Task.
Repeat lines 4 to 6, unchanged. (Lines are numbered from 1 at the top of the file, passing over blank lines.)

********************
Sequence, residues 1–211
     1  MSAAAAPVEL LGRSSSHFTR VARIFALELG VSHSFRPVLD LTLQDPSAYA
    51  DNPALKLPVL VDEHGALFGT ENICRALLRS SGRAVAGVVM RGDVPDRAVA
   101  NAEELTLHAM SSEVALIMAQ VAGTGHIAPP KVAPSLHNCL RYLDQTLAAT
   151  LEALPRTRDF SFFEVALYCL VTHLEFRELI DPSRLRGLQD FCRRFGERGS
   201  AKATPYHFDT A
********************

   101  NAEELTLHAM SSEVALIMAQ VAGTGHIAPP KVAPSLHNCL RYLDQTLAAT
   151  LEALPRTRDF SFFEVALYCL VTHLEFRELI DPSRLRGLQD FCRRFGERGS
   201  AKATPYHFDT A